I’ve been in the hospital this time for seven weeks and I probably won’t be getting out for a while. Something bad happened in my brain called a stroke. And the next day, I actually died for four minutes until the doctors could bring me back to life. I’m so happy they did because I love my life!
When I was born, doctors told my parents that I wouldn’t live past the age of 15. But now I’m 51 years old! I have always been weak and skinny with no muscle strength, but people are always amazed at what I’ve been able to do. I have three kids who are ages 23, 21 and 18. Despite the fact that I can barely move my arms, I can drive my van. I travel around the country and the world, telling people about the fact that they have the inner strength to do anything they set their heart and mind on. I have written three books and been on television a whole lot of times. One time, over a million people saw a documentary film about my life. (I can send you a copy if you like.)
When I get out of the hospital this time, my life will be different. Now I have to live with a little sack in my tummy and I get fed through a tube. I will still be able to eat, but the tube will make sure I get enough food. I also have a new hole in my neck called a tracheotomy which will help me breathe. But I don’t mind these new problems. As long as I get to live, laugh and love for many years to come, I will be happy. I look forward to meeting you someday soon.
“The Strength Coach”
Image Descriptions: 1) Greg in the mid-1970s riding a horse at MDA summer camp. A counselor sits behind him and holds Greg’s waist to keep him balanced. 2) Greg sits in his power wheelchair on stage in a business suit. His fist is raised as he gives a motivational speech to a large audience (not pictured). 3) Greg and his son, a college football player, are shown together on the football field. 4) Greg sits in his power wheelchair at his laptop while in his hospital room. He’s eating ice chips. His tracheotomy tube is visible and there are hospital monitors in the background. Greg has a bright smile on his face in all of the pictures.
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New ‘stay tied’ laces that never come undone, now for people who love Thomas the Tank Engine!
Useful for people with motor difficulties or learning disability. Non-Thomas toggles are also available and these laces are used by world champion athletes (especialy Ironman and triathletes).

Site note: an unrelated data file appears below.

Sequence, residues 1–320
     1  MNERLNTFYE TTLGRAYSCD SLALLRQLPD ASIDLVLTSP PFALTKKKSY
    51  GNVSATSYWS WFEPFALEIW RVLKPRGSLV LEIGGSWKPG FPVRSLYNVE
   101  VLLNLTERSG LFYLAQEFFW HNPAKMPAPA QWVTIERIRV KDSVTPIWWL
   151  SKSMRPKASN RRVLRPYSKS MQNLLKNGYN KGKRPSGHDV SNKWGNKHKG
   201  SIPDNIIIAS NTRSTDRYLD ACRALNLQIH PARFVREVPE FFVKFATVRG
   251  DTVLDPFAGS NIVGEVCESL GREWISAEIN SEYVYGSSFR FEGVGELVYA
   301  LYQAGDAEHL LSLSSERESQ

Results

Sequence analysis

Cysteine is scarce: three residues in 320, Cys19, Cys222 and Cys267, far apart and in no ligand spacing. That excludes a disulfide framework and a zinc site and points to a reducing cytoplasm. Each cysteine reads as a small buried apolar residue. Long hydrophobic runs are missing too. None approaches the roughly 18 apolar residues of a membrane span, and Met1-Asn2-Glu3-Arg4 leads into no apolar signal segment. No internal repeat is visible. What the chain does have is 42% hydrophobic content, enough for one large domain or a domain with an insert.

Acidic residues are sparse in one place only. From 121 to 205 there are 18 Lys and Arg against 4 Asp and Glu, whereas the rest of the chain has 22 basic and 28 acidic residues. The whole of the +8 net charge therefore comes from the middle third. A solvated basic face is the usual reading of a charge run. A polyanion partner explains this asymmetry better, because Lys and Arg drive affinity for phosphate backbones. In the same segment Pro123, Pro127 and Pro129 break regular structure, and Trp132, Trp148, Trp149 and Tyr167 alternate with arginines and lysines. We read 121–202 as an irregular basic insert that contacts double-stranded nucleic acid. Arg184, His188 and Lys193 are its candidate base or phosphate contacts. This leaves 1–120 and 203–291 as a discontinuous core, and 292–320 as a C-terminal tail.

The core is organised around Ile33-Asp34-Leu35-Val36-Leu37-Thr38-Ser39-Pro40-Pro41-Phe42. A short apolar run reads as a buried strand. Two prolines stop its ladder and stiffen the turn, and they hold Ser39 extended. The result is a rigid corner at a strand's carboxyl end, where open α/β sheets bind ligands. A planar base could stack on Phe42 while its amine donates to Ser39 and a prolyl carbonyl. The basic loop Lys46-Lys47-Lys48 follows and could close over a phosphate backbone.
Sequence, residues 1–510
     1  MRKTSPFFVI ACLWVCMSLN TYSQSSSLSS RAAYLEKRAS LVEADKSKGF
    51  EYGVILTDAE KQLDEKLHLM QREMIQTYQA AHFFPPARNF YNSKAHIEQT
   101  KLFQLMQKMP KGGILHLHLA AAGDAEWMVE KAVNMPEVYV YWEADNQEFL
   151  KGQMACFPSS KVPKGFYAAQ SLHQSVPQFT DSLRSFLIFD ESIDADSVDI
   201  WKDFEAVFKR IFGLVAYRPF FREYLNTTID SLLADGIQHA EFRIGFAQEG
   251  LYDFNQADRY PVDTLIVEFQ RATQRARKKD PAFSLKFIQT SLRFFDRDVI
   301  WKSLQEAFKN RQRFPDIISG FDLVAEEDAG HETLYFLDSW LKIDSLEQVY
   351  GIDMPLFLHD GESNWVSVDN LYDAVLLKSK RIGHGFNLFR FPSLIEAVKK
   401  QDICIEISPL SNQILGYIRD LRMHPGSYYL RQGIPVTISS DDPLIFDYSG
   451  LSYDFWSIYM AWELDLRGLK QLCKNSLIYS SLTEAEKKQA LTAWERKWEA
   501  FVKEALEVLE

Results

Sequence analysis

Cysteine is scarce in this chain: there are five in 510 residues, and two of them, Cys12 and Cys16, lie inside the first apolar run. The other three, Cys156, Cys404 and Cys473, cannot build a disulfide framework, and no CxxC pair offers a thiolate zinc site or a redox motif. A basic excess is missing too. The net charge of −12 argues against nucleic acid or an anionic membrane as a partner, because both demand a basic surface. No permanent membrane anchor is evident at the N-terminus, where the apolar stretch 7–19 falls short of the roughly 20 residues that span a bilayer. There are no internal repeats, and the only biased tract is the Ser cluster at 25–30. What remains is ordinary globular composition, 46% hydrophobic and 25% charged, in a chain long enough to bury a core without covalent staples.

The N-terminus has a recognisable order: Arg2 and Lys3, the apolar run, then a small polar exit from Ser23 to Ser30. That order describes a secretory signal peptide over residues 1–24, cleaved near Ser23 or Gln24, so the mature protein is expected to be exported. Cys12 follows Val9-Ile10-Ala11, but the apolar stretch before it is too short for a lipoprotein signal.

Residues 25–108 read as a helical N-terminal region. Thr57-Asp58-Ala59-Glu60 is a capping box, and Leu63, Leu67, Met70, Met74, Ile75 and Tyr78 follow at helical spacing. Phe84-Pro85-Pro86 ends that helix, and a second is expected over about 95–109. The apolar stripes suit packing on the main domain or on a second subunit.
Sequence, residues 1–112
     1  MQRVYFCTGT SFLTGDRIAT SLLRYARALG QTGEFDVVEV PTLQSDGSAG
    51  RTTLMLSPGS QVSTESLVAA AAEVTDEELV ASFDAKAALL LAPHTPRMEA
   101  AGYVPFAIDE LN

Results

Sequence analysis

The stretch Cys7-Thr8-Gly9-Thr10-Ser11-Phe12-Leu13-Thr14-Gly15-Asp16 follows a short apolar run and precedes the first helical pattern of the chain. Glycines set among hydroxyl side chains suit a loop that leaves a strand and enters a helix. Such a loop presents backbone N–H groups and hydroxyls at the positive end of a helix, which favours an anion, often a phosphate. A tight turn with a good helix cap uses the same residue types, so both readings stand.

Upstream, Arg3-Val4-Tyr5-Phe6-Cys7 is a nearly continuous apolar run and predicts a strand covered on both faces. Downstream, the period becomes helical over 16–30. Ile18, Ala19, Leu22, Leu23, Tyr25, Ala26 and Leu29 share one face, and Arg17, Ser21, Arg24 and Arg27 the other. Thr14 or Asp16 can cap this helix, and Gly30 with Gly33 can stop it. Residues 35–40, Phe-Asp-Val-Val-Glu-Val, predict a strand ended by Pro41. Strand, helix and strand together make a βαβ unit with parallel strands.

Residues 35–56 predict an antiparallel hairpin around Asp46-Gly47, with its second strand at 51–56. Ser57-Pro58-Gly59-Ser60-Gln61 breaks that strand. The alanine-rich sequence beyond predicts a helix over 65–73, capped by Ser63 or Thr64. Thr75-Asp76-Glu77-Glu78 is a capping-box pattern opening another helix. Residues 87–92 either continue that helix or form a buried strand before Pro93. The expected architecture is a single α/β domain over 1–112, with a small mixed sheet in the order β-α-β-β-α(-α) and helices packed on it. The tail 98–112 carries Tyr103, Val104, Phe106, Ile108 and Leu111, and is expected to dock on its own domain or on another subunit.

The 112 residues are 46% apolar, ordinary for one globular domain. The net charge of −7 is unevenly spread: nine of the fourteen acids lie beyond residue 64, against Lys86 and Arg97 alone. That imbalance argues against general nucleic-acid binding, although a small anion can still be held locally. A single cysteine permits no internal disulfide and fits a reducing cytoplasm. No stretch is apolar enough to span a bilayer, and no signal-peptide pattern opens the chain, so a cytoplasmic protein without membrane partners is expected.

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Tips for First Time Wheelchair Pushers
(this is a REBLOG from the awesome and highly recommended Latentexistence blog)
“Today my sister used a wheelchair for the first time. (We share the same inherited mitochondrial condition.) Her husband has little experience of pushing a wheelchair so I tried to give him some tips, which resulted in what I have written below. Believe it or not there is actually some skill involved in pushing a wheelchair and keeping the person in it comfortable. These are just observations from my own experience of being in a wheelchair pushed by someone else, but everyone is different. If you’re pushing a wheelchair for someone new then you should ask them if they have any preferences.
- Communicate. Ask if there’s anything you need to know first. NEVER touch or move a wheelchair without permission.
- Don’t overshoot checkouts and reception desks. If you are level, your passenger has gone too far past it.
- Don’t bump your passenger’s feet into people, objects or walls. Particularly in lifts.
- Don’t follow anyone too closely. (See previous point.) Your passenger is closer to them than you are, and seeing backsides that close gets tedious.
- Watch out for oddly sloping pavements, especially near dropped kerbs. The wheelchair WILL veer sideways into traffic if you are not careful.
- Look ahead for bumps. Dropped kerbs are often not dropped very much. Be prepared to walk a long way around via the road.
- Always approach bumps straight on. If you are not straight, stop and turn first.
- It can be easier to go backwards over bumps if the wheelchair has large wheels.
- Pay attention to the surface you travel over and take the smoother path. Cobbles can be painful or tiring for someone in a wheelchair.
- Don’t let the wheelchair run out of control. Consider taking slopes backwards so you can hold back the wheelchair. CHECK FIRST!
- If your passenger says stop, STOP immediately. (And, indeed, follow other instructions – see comments on original post.)
- Try going through heavy doors backwards so you can push the door with your body.
- Some wheelchairs have brakes operated by the passenger. Never assume that those brakes are on or off, always check.
- If someone speaks to you when they should speak to your passenger, tell them so.
- Be forgiving of your passenger. They have no control and that may make them grumpy. Wheelchair users: be aware that you might be shouting at your assistant more than you realise.
- If you’re pushing a wheelchair very far then you’ll probably want to get some gloves.
Thanks to @knitswift, @chmasu, @missnfranchised, @lisybabe on twitter”